I believe for a 15 drive RAID-6, where 2 disks are used
forredundancy, the correct mkfs would be:
mkfs -t xfs -d su=65536,sw=13 /dev/sdXX
Yes you're right, I replied a bit too quickly :)
Another thing to try is if it would help to turn disk cache writes
*on*, despite all warnings if the FAQ.
Thank you for your suggestions. Yes I have write caching enabled. And I
have StorSave set to "Performance". And I have a UPS on the system at
The information about barriers was useful. In years past I was running
much older firmware for the 3ware 9650 cards and that did not support
barriers. But it is true the current firmware does support barriers. I
also believe the 3ware StorSave "Performance" setting will disable
barriers as well -- at least it makes the card ignore FUA commands.
Anyway, I have mounted the XFS filesystem with the "nobarrier" flag and
I'm still seeing the same behavior. If you want to take a closer look
at what I mean, please go to this link:
At this point, I have tried the following -- and none of these
approaches seems to fix the problem:
-- preallocation of DPX files
-- reservation of DXP files (Make 10,000 zero-byte files named
0000001.dpx through 0010000.dpx)
-- creating xfs filesystem with external log device (also a 16-drive
RAID array, because that's what I have available)
-- mounting with large logbsize
-- mounting with more logbufs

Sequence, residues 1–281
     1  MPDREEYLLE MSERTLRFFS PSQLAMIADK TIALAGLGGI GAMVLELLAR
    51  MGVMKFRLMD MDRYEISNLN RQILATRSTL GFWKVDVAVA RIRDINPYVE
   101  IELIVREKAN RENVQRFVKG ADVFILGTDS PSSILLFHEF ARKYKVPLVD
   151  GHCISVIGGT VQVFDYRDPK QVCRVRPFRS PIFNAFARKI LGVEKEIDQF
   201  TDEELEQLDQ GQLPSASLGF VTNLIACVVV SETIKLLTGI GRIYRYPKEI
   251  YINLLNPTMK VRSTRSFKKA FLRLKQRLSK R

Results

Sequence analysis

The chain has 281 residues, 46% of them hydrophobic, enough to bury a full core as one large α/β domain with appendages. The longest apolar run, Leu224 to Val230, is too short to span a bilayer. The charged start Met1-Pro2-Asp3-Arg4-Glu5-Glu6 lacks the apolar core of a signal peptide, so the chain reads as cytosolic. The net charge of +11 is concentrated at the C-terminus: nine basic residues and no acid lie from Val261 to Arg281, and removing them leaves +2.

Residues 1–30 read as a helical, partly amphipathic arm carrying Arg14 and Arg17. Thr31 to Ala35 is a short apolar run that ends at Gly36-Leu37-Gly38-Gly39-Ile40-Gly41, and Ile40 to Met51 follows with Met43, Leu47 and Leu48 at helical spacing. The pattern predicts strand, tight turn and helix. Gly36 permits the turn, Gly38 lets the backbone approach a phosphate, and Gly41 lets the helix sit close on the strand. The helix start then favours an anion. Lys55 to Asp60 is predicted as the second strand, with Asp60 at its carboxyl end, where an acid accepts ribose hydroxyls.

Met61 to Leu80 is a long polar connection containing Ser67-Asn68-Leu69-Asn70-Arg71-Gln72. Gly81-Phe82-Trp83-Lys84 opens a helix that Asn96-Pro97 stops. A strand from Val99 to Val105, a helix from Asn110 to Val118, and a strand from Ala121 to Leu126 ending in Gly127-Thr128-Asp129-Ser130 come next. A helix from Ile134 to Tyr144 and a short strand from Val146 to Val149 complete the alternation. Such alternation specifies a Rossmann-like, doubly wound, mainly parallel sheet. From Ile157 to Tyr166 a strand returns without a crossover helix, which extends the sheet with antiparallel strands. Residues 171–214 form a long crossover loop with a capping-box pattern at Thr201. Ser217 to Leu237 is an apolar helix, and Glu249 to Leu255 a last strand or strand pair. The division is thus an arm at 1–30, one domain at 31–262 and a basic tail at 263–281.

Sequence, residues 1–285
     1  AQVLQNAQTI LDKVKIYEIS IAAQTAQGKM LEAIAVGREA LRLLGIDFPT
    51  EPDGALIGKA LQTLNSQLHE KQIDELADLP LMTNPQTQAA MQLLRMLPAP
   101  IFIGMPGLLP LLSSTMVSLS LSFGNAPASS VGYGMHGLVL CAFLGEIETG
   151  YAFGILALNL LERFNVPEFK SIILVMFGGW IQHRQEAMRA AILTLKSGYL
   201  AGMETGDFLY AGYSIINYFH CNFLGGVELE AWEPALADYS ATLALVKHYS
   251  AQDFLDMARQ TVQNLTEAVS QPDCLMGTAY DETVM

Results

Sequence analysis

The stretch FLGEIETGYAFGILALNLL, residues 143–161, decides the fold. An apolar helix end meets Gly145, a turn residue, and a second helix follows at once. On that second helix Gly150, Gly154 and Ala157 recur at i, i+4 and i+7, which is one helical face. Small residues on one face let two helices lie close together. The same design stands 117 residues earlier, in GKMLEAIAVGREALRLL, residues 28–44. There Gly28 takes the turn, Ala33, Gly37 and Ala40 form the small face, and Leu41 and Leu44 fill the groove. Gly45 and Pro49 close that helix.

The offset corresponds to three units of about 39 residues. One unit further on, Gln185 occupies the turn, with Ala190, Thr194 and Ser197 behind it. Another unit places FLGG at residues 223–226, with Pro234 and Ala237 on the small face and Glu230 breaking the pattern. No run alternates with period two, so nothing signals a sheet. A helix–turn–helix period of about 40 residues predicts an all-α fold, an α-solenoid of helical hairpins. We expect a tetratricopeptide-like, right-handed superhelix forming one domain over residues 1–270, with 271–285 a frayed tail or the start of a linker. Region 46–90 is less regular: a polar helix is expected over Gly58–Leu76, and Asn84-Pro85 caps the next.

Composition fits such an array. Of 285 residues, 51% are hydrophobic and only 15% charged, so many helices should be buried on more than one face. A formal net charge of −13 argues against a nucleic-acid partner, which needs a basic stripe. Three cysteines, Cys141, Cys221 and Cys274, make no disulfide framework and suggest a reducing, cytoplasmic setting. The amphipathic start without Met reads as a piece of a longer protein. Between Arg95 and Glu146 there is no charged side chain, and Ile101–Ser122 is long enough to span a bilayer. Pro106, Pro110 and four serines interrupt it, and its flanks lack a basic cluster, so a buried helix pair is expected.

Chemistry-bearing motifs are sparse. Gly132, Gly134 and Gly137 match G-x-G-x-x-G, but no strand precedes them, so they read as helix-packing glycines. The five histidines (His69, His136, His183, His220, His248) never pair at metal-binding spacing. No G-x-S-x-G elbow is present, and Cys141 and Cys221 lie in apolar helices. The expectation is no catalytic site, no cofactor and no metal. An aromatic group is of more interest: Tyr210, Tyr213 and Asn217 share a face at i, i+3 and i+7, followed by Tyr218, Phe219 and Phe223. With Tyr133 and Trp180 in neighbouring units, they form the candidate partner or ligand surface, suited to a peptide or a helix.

-- mounting with larger allocsize
Have you said how large the filesystem is? If it's > 1T or 2T, and
you're on a 64-bit system, have you tried the inode64 to get nicer inode
vs. data allocation behavior?
Other suggestions might be to try blktrace/seekwatcher to see where your
IO is going, or maybe even oprofile to see if xfs is burning cpu
searching for allocations, or somesuch ...
Again, I want to point out that I don't have any problem with the
underlying RAID device. On Linux itself, I get Bonnie++ scores of
around 740 MB/sec reading and 650 MB/sec writing, minimum. Over 10
Gigabit Ethernet, I can write uncompressed HD streams (160 MB/sec) and I
can read 2K DPX files (300+ MB/sec). DD shows similar results.
My gut feeling is that XFS is falling over after creating a certain
number of new files. Because the DPX format creates one file for every
frame (30 files/sec), it's not really a video stream. It's really like
making 30 photoshop files per second. It seems as if some resource that
XFS needs is being used up after a certain number of files are created,
and that it is very disruptive and costly to get more of that resource.
Why ext3 and ext4 can keep going past 60,000 files and xfs falls over
after 4000 or 5000 files, I do not understand.
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